In racketlon players compete individually, or as part of doubles pairs, in each of four racket sports: table tennis, badminton, squash and tennis. One ‘set’ is played in each sport, the sequence of sports beginning with the smallest (table tennis) and ending with the biggest (tennis) racket. Squash slots in at number three in the sequence.

In singles matches each of the four sets is scored to 21 points, with a margin of two points needed to win a set tied at 20 points all. In team competitions, sets are played to 11 points with setting coming into effect at 10 points all.

The winner of a match is the player or doubles pair accumulating the highest number of points in total. If the score is tied after all four sports, a single extra tennis  point is played to decide the match winner, the server being decided by drawing lots.

In doubles matches, the squash set is played by one member of each team until one player reaches 11 points; the set is then completed by the two remaining team members.

Simple, eh?

Racketlon sports

The Tour

Racketlon originated in 1980s Finland and Sweden but it wasn’t until 2001 that its first international tournament was held in Gothenburg. Now, its governing body, the Federation Internationale de Racketlon (FIR), oversees a World Tour which, in 2019, consisted of 20 tournaments held at venues in Europe, the US and Asia. These included an inaugural London Open, held in August at the prestigious Roehampton Club, and, in November, the World Singles and Team Championships in Leipzig. And it was in Leipzig that Great Britain lifted the World and Nations titles for the first time with India winning the Challenge Cup tournament.

Racketlon has obviously come a long way in the thirty years since its first appearance. With its format modelled on other combination Olympic sports such as the triathlon and pentathlon, and with squash again being passed over, perhaps racketlon can help to raise the profile of the soft-ball game.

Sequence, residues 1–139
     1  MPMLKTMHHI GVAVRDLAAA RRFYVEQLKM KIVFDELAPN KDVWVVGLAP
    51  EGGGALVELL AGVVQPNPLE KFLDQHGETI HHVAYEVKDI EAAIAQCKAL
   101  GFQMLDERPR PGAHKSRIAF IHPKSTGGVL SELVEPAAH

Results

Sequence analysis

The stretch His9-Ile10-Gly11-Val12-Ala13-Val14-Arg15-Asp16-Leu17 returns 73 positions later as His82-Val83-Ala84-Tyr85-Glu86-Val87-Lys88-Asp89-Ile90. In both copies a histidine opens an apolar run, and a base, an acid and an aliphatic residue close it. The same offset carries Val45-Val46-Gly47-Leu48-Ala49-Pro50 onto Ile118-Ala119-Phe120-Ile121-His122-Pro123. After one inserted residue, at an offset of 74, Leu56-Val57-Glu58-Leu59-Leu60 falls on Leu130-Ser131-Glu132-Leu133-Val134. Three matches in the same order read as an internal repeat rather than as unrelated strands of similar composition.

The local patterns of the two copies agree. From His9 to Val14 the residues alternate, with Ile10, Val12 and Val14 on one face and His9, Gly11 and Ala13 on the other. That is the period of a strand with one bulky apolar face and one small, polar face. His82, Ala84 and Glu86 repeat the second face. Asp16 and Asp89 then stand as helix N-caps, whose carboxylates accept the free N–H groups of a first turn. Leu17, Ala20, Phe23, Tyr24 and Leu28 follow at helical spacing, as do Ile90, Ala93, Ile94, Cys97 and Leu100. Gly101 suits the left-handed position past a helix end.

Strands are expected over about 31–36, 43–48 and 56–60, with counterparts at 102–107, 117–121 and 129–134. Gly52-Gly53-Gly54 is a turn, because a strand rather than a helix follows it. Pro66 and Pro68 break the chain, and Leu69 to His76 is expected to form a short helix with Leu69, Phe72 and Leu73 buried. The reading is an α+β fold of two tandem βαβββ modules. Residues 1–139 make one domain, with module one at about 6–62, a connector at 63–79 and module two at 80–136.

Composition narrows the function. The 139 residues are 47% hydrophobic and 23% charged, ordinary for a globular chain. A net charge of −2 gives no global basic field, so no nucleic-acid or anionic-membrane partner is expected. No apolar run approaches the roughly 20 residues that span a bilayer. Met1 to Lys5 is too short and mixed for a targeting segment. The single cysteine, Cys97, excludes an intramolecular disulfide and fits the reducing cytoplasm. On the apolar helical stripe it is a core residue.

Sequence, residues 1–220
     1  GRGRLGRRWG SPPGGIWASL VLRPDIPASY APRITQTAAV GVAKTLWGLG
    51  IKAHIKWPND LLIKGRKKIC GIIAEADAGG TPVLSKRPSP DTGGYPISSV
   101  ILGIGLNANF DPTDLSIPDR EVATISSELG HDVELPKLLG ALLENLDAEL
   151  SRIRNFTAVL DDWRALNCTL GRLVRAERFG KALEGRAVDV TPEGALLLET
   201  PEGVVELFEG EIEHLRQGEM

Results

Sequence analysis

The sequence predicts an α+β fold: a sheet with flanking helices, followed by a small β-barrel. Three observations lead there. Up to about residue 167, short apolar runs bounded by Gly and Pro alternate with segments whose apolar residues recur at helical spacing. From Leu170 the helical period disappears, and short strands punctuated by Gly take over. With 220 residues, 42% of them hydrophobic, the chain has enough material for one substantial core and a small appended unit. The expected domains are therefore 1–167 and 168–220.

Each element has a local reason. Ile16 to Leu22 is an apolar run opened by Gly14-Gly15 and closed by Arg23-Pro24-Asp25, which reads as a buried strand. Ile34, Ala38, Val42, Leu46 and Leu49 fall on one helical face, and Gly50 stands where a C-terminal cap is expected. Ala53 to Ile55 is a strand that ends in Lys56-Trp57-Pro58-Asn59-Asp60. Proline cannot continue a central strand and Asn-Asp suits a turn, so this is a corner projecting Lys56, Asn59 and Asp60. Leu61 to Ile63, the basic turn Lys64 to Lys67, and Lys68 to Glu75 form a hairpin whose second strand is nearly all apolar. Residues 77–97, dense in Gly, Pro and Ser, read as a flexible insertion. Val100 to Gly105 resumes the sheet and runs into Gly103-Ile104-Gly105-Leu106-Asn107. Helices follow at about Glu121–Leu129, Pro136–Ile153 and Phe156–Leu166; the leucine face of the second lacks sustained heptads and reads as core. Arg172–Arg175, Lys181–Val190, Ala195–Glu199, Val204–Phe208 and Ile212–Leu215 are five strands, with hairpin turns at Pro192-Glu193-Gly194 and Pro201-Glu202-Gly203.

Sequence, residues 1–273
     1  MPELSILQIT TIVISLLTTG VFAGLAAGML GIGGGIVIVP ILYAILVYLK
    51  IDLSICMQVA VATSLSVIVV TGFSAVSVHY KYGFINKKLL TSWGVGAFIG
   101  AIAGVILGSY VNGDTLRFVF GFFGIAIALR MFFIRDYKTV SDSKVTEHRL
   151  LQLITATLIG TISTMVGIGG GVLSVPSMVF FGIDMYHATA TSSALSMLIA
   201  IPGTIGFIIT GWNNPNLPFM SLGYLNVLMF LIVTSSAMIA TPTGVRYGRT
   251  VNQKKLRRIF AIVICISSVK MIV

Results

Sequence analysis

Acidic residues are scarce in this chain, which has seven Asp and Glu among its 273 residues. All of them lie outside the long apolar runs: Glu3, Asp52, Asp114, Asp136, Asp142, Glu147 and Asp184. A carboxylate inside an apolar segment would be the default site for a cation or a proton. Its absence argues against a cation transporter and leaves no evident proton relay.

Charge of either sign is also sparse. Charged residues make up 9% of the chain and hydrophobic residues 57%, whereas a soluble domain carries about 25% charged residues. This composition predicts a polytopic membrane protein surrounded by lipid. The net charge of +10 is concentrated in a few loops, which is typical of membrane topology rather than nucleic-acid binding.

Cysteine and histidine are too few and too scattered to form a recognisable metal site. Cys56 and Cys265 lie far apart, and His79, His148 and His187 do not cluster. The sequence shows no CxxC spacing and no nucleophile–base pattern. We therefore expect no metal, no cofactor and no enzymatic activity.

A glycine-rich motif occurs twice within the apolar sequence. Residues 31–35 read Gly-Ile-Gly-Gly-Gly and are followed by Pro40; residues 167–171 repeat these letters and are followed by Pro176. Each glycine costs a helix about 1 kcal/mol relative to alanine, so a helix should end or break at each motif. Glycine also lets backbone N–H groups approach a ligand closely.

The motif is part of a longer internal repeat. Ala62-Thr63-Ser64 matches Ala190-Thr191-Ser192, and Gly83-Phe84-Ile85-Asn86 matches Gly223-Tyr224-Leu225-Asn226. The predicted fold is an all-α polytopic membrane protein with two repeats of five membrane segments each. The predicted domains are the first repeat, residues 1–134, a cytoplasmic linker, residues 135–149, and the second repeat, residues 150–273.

Maybe it’s time to add to our racket collections.

Sources

Thanks to The Times, Wikipedia and tournamentsoftware.com.

Retreat (2017) – Short Film

A man on retreat calls home.

Retreat (2017)

Created by STIR and FRY (Thomas and Samuel Thorogood

Thomas Thorogood – Co-Producer, Co-Director, Camera Operator, Composer, Models, Additional Voices

Samuel Thorogood – Co-Director, Co-Producer, Writer, Editor, Performer

Source

Thanks to Stir and Fry and Vimeo.

Broken Strings (2018) – Short Film

What does it take before somebody’s resilience breaks? Sam Halford is tested when his coach pushes him and his classmate, Matt, to their limits. But when does pushing somebody beyond their limits become too much to handle?

Broken Strings (2018)

A Dunley Productions film.

Directed by Alfie Drakeley and Connor Dunham

Written by Alfie Drakeley

Cast: Jake Vermuelen (Sam Wilson) Josh Beardmore (Coach) and Alfie Drakeley (Matt Wilson).

Business Squash (Comedy Sketch)

Well “better late than never” I always say, or at least I occasionally say when I’ve fallen down on whatever job I’ve set myself; in this case spotting squash-themed comedy sketches.

This latest offering comes from Irish comedy trio Foil Arms and Hog who, for reasons unknown (to me, anyway) choose to omit a comma from their stage name, assuming that stage names still exist nowadays.

The group comprises Sean Finnegan, Sean Flanagan and Conor McKenna and performs on TV, radio, the stage and online. Formed in 2008 while all three were students at University College Dublin, the group’s name evolved from the nicknames each of the members had for each other; Foil (Sean Finegan) so-called because was the ‘comedy foil’, Arms (Conor McKenna) because he was ‘All arms and legs’ and Hog (Sean Flanagan) because he ostensibly hogged the limelight. All very well, but I’m still concerned about that comma.

And the “better late than never?” Ah, yes, well the sketch does date from 2013 but, in my defence, I’ve had a lot on recently.

P.S. Do check out the Foil Arms and Hog website for tour dates, merchandise and downloads.